Today’s cards developed bit by bit over a week or so. I worked on flower panels one day, middle layers another day, let them sit a few days, searched for ribbon another day and finally a week later put them together still adding stamping, splattering and blending right up until I called them finished!
I featured the silhouette floral stamps from the new Darkroom Door ‘you are everything’ set. There are four floral stamps along with eighteen word stamps I mentioned in a previous post. The flowers above are stamped on cold press watercolour paper with papertrey inks. I used pale peony and pure poppy on the petals and olive twist on the stems. I spritzed lightly before stamping then blended further with a paintbrush on the paper. I used the same technique on the purple flowers in the second card but worked on hot pressed watercolour paper.
For the vintage and collage details on the card I above I used olive twist and fine linen inks to add painted areas, stamped text, splatter and blending with a brush.
The flowers above are stamped in pale peony, royal velvet and olive twist and I stuck with fine linen and royal velvet as the inks on the layered areas also.
I’ve listed all the stamps I used to add texture and interest to the floral panel and the layers underneath. You can see some of my favourite ‘filler’ stamps including French script and global postmarks. I also splattered water and white paint for some watermarks and subtle blots!
To finish both cards I punched a couple of holes in the top to thread some fabric through. I didn’t have a cream silk or sheer ribbon so I ripped some strips of what might be silk but I can’t remember. The ripped edge worked fine with my vintage layered look.
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Many of us are separated from family and friends these days so when I saw this new set of sentiments from Darkroom Door I knew immediately that I could put them to good use. The set is called ‘long distance’ and is a long strip of sentiments one under the other, eleven in total. I have several sentiment strips from Darkroom Door and have not cut any of them into individual strips. Instead I tend to stamp the whole strip or a section of the strip and then snip off or die-cut the ones I want to use.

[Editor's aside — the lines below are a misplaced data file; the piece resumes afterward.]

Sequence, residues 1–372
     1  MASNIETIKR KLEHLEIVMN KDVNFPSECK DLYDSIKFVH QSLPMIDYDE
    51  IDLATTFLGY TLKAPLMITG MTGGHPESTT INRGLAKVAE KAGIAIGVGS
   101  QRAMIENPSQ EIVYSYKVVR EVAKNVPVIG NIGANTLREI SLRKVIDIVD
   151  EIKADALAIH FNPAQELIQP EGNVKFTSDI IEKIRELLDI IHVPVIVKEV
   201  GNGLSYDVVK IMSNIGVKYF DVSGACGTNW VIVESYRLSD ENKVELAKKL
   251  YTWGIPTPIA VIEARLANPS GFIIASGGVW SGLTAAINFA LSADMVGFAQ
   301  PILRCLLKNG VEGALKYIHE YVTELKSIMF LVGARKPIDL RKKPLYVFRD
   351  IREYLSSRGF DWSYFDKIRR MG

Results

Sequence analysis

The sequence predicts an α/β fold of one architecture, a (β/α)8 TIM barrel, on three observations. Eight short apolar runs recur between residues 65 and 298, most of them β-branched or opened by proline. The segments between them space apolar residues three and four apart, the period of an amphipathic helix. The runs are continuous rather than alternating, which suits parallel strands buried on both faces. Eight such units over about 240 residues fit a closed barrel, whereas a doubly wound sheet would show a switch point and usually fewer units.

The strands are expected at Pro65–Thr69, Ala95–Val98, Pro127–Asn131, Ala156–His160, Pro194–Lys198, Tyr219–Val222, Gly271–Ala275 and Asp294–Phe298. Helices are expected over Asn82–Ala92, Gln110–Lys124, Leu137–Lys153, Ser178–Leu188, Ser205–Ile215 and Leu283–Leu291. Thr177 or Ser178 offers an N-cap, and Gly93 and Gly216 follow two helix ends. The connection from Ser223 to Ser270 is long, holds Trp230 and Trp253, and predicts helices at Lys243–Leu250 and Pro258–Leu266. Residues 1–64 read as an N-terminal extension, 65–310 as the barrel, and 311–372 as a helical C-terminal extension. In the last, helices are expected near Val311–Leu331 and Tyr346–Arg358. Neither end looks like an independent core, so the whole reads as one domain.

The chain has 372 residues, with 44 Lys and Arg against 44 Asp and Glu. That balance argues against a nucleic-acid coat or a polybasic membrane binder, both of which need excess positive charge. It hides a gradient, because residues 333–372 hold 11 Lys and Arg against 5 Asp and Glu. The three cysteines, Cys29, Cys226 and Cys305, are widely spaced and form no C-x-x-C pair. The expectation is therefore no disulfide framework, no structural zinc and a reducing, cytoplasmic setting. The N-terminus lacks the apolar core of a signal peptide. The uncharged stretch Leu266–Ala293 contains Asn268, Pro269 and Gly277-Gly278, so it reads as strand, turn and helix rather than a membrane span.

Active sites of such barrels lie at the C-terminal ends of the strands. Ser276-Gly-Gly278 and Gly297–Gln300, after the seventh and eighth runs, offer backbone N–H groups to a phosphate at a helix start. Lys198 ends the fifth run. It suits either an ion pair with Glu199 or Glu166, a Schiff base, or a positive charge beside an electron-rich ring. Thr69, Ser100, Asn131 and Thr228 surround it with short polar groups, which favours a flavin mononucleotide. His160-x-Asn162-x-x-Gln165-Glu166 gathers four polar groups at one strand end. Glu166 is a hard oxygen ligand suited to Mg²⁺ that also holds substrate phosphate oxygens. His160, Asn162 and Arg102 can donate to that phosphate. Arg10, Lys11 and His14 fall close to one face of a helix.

As many of you know I am originally from Australia and all my family still lives there while my husband, children and I live in Canada and have done for twenty years. When I designed this card featuring the DD ‘world map’ stamp I did so with my Australian family and friends in mind so I had to make sure both countries were still on display after I added the sentiments. I stamped the map on hot pressed watercolour paper in tea dye distress ink and acorn versafine clair, dried the inks then started painting colours over the map. I smooshed tea dye, carved pumpkin, abandoned coral, broken china and mowed lawn distress inks on my glass mat and painted loosely with no major concern for borders or accuracy. I searched ‘antique map’ for an inspiration photo to guide me.
I cie-cut the map panel with a Waffle Flower A2 additional layer die then applied vintage photo ink around the edge of the map and the sentiments with a blending brush. It’s a subtle addition but I also stamped pale postmarks on the sentiments using the DD ‘global postmarks’ stamps. I will be showing you more of the new stamps from Darkroom Door over the next few weeks but there are already several blog posts on the Darkroom Door blog featuring the new beauties so make sure you pop over there to take a look.
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A friend commissioned me to make a ‘vintage’ themed card recently and I happily pulled out a bunch of Darkroom Door stamps to do so. You can see the pocket watch stamp managed to feature three times but the French script, global postmarks, and gerberas also contributed. I stamped, blended and painted with two brown tones of distress ink, two blues and a black. (all the supplies are listed below)
To begin I smooshed some speckled egg and antique linen distress inks on a glass mat, added water swiped the panel through the diluted ink. After that the gerbera background stamp became part of the base layer in speckled egg distress ink. I layered the other stamps over the top in tea dye and antique linen inks and blended some speckled egg ink through the DD diamonds stencil. Of course there is splatter, watermarks and extra blending to darken the edges. To add a dimensional feature I die cut several stems of flowers with the Penny Black ‘shall we dance’ die, some are from watercolour paper, some from tan cardstock and a few from paper painted with salty ocean ink and stamped with the DD gazette stamp.